All You Need to Know about Pulling Weeds from Your Lawn

All You Need to Know about Pulling Weeds from Your Lawn

Weed control methods can be limited in some types of lawn.

Soft Leaf Buffalo is more sensitive to a range of herbicides than other grasses, and new lawns are more vulnerable to damage than established lawns.

The best option for dealing with weeds in these scenarios is usually to manually remove them while they’re small. It might take up to 15 minutes every second day, depending on the size of your lawn, but this will save you a lot of time, energy and expense in the long run.

Read on for our tips for getting the best result when pulling weeds.

When to Pull Weeds Out of Grass

Get in early because small weeds have weaker roots, which makes it easier to pull them up.

Tackling small individual weeds stops them from competing with your lawn for water and nutrients and leaves a smaller area of disturbed soil available for other dormant weeds to make their home.

Don’t overlook weeds in garden beds or vegetable patches, which can quickly spread into your lawn if they’re allowed to flower and set seed.

Some weeds that only spread through seeds can be managed with regular mowing at the right height.

Other weeds that spread through runners or stolons aren’t affected by mowing.

How to Pull Weeds Out of Grass

This is best done after rain or watering when the soil can be loosened with less effort using your hands, a spade, hoe or weeding tool such as a weed puller.

Some weeds shouldn’t be removed with a weed puller because they leave behind nuts, tubers or rhizomes that can spread underground and develop new plants.

This includes Nutgrass, Onion Weed and Soursob, which are best removed by using a spade. You can learn more about the pros and cons of using a weed puller here.

Once you’ve found the roots, use your fingers to tease the soil away and then pull the plant straight up with a single slow, smooth action. Roots are more likely to break off – and can regrow – if you tug plants in different directions or at an angle.

Don’t panic if you can’t get all the roots. Taking off the top of the plant can often be enough to delay flowering and seed set, giving you the chance to come back to it later.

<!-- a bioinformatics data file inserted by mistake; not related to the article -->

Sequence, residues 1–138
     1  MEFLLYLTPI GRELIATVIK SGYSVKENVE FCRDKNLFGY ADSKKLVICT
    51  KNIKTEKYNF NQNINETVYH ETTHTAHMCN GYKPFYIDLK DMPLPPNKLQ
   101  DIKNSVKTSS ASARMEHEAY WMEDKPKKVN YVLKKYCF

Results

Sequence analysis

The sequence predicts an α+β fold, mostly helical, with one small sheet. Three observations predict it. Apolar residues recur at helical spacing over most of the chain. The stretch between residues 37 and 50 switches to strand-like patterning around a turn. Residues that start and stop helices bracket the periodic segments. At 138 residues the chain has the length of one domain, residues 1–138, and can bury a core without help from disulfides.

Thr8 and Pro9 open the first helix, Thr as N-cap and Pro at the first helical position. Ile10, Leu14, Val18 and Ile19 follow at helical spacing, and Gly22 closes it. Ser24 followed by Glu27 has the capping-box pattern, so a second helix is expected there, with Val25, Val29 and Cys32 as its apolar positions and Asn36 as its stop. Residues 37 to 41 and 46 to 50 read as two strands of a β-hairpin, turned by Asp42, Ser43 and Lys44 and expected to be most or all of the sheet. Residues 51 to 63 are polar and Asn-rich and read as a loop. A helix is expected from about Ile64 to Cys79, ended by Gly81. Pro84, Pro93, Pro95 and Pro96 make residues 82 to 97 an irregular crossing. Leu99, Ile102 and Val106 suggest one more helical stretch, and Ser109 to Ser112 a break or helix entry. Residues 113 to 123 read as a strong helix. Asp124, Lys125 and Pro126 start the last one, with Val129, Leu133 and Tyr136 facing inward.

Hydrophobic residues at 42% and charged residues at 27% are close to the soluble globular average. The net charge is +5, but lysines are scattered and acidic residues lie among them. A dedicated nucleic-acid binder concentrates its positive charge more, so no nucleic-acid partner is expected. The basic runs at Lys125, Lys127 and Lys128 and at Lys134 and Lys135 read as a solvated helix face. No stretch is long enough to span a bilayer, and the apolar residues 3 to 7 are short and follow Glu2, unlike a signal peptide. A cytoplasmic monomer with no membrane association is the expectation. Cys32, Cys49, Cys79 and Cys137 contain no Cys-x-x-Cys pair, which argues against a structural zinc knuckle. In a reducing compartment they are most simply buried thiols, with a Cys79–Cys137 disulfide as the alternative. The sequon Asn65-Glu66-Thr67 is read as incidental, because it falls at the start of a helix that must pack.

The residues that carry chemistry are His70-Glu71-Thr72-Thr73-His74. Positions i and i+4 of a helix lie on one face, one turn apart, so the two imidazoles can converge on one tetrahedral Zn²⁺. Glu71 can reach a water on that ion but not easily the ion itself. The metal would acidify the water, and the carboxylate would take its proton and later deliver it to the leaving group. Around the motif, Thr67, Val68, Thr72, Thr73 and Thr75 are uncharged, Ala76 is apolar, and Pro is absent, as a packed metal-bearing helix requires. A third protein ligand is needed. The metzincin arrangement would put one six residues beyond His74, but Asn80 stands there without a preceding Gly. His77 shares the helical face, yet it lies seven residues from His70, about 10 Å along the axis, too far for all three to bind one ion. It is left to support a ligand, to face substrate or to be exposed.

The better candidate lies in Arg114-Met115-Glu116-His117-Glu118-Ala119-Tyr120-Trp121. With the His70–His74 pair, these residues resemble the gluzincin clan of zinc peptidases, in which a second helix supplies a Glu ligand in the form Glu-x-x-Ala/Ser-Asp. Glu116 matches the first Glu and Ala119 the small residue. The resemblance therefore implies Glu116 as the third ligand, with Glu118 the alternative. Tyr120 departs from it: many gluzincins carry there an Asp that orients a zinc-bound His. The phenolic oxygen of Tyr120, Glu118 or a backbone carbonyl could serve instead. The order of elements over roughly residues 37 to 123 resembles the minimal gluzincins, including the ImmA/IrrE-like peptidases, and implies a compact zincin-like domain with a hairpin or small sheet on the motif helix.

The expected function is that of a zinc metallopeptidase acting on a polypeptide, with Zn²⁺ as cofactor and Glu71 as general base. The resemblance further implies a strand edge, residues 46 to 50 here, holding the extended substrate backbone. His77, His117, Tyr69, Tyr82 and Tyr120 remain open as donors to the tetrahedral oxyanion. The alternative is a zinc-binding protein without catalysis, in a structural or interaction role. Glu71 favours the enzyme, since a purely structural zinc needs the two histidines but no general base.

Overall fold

If crouching or getting down on your hands and knees is too hard on your joints or back, try using a longer handled tool, such as a hoe or standing weed puller.

Once you’ve pulled up each weed, pop it into a waste bag or bucket to stop any seeds or rootlets from falling back into your lawn.

Weeds can go into the compost as long as the temperature can be maintained at 55 degrees Celsius or more for at least a week.

Always clean gloves and implements after weeding to prevent contamination when you move on to a different area of the garden.

When Spraying Becomes Necessary

lawn weedsIf there are too many weeds to pull up, it might become necessary to use a contact herbicide.

Make sure you identify the weeds to be targeted first, and always read the product label to check if it’s safe to use on your grass type and if it’s best applied using a sprayer or a weed wand. You can learn more about the pros and cons of using a weed wand here.

Once the weeds have turned brown and died, rake them up and dispose of them in the rubbish bin or by burning. Do not add them to compost, because traces of herbicide can cause stunting if added to garden soil.

You can learn more about removing weeds from your lawn here.

Preventing Weeds in Your Lawn

Digging up sections of your lawn will disturb dormant weed seeds and bring them up to the surface where they have access to the light, air and moisture they need to germinate.

The same goes for garden beds, and once weeds germinate there, they can easily spread into your lawn.

Tackling individual small weeds will reduce this risk.

If you’ve had a longstanding problem with a particular weed that comes up year after year, a granular or liquid pre-emergent herbicide might be useful.

Pre-emergents work by creating a barrier in the soil that lasts for about 12 weeks and can be reapplied. They can be effective on both Broadleaf and Grass Weeds.

Once a weed seed germinates, it grows into the barrier and dies before it can emerge above the surface.

Pre-emergent herbicides won’t kill existing weeds or sterilise weed seeds that are already present.

There’s information about removing specific weeds from your lawn here and a guide to using pre-emergent herbicides here

Recommended Products

There are several pre-emergent herbicides available in the myhomeTURF online shop.

Spartan 500ml

Turf Culture Spartan 500ml offers up to six months’ control of Crowsfoot Grass, Summer Grass, Winter Grass, Paspalum and other grassy weeds. It is suitable for use on established Zoysia, Kikuyu, Couch and Buffalo lawns.


Oxafert 20kg

Farmalinx Oxafert 20kg is a combined fertiliser and pre-emergent herbicide that targets Summer Grass, Crowsfoot Grass, Winter Grass and broadleaf weeds such as Bindii, Wireweed and Creeping Oxalis. It is suitable for use on Zoysia, Kikuyu, Couch and Buffalo lawns, but should not be used on recently-laid turf.


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